|Action Plan total: 3 619 940|
Taxa are listed in order of priority for recovery action (see Table 4).
* This Action Plan recommends that ongoing monitoring programs be established for Action Plan species (see General Recommendation 8). Specific funds are indicated where individual States have requested same.
S Some funding already available for these species.
# Existing resources sufficient for recovery action.
Salaries comprise a large percentage of many of the required projects. Part of these costs could come from redirecting priorities and thus using existing staff within agencies.
1. Red-finned Blue-Eye
Equal highest priority according to Table 4. Funding already provided through ANPWS, Endangered Species Program.
2. Elizabeth Springs Goby
Equal highest priority according to Table 4. Requires relatively little funding. Study of this species will assist in the understanding and protection of artesian springs and their fish communities. May become Australia's first known extinct fish if nothing done.
3. Trout Cod
Equal third on Table 4. Much work completed or in progress. Compilation of the Trout Cod Restoration Plan already being funded and will identify further funding requirements. Good chance of success because captive breeding and restocking programs already well developed.
4. Mary River Cod
Equal third on Table 4. Already funded. Queensland Department of Primary Industries Fisheries Division assisting local councils with captive breeding programs. Some restocking into impoundments within the Mary River Drainage. Translocated to several impoundments on the Brisbane, Logan and Nerang Rivers. Mary River catchment involved in an Integrated Catchment Management initiative.
5. Clarence River Cod
Equal third on Table 4. Requires a high level of funding mainly due to renovation of breeding facilities for captive breeding program. Suggest priority be given to habitat requirements as long term restocking will be ineffectual if habitat not protected. Renovation of facilities should be the responsibility of the New South Wales State Government as other programs (eg aquaculture developments) will benefit.
6. Barred Galaxias
Equal sixth on Table 4. Requires relatively low level of funding. Some information already available and chances of recovery are high. Will disappear quickly if nothing done. Is a distinct taxon so uncertainty of taxonomy not an issue for funding allocation.
7. Swan Galaxias, Saddled Galaxias, Swamp Galaxias, Clarence Galaxias, Dwarf Galaxias
If these species are combined, a relatively low budget is required for a coordinated monitoring program.
8. Purple Spotted Gudgeon
Some investigation underway. Low level of funding required to assist volunteer work.
9. Lake Eacham Rainbowfish
Initially allocate funding to determine taxonomic status. Further funding will depend on these results. Captive populations relatively secure. Queensland Department of Primary Industries, Fisheries Division, should develop management plan for all captive populations, including strategies for maintaining genetic diversity. Has publicity value in being the best known endangered fish in Australia.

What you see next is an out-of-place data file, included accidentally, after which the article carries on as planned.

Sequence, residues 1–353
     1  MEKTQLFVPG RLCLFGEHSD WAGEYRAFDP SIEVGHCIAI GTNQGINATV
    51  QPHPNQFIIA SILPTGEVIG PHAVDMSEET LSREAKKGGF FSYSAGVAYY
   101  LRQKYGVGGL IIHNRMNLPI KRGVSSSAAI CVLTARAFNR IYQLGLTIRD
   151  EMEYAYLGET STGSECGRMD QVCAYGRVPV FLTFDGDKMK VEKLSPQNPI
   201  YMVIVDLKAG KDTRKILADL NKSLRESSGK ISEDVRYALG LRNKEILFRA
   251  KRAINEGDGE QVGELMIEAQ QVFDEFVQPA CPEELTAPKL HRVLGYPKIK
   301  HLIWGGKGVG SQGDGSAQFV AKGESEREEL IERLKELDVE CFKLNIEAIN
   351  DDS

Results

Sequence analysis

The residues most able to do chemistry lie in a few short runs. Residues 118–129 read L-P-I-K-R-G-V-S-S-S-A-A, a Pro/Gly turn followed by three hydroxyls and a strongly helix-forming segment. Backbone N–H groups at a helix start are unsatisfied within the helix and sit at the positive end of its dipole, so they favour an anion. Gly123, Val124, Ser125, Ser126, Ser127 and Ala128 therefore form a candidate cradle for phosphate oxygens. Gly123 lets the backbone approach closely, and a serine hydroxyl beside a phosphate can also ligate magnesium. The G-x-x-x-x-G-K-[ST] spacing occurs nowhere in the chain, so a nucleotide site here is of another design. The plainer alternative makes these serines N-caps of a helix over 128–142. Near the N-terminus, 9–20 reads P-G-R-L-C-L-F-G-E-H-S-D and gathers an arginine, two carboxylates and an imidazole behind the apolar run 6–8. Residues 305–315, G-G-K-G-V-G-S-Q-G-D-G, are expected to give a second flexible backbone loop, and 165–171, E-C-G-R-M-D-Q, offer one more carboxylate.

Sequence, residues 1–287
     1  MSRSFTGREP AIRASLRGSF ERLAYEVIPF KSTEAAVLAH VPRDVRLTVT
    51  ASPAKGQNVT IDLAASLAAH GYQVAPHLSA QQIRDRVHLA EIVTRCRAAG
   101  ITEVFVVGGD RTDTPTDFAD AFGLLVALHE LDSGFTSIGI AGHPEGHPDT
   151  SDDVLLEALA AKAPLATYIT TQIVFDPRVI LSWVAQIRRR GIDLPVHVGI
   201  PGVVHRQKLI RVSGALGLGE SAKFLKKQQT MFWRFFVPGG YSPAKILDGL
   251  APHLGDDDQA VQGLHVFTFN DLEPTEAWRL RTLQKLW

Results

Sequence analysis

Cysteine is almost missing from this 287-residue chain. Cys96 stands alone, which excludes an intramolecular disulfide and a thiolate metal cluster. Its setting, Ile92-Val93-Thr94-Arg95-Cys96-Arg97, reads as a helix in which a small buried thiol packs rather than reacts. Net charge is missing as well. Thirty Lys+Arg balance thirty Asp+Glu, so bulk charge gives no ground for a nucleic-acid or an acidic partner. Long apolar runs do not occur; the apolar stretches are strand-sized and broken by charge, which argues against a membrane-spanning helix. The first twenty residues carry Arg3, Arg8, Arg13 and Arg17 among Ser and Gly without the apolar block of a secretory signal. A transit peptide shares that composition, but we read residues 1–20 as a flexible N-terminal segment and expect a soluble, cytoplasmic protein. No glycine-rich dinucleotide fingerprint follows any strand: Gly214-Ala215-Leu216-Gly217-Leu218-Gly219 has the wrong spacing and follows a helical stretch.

10. Pedder Galaxias
No funding required at this stage.
11. Oxleyan Pygmy Perch and Honey Blue-eye
Combine these Recovery Plans. Have overlapping distributions, occur in similar habitats, have same threatening processes. Develop management plan to protect coastal wallum swamps and streams.
12. Yarra Pygmy Perch and Ewen's Pygmy Perch
This Action Plan proposes a joint project. Have similar habitat requirements and threatening processes. Funding requirements may be rationalised after preparation of Recovery Plans for both species.
13. Murray Hardyhead
Some controversy over status. First requirement to determine distribution and abundance. Three States involved should cooperate to manage funding and determine priorities. Many threatening processes identified for this species probably affect most other species in the Murray-Darling Drainage, and these aspects may be addressed through the Murray-Darling Basin Commission Fish Management Plan.
14. Macquarie Perch
Relatively urgent requirement to undertake taxonomic work. If indications of discrete stocks are correct then these may require urgent recovery action.
15. Non-parasitic Lamprey
Low priority. First priority to determine present distribution. Could become part of New South Wales' and Victoria's own fish surveys. States should also develop long term monitoring programs.
16. Blind cave Eel
Priority to maintenance or rehabilitation of existing known sites. Already being done to some extent. Additional information to be obtained from W. Humphries field surveys (Australian Heritage Commission funding). May be combined with studies of subterranean invertebrate fauna or general ecology studies with part funding from ANPWS.
17. Australian Grayling
Three State project. States should liaise to effectively manage funds. Processes threatening Australian Grayling are common to many fishes (eg lack of fish-ladders).
18. Flinders Gudgeon
No action required. South Australian Fisheries monitoring status.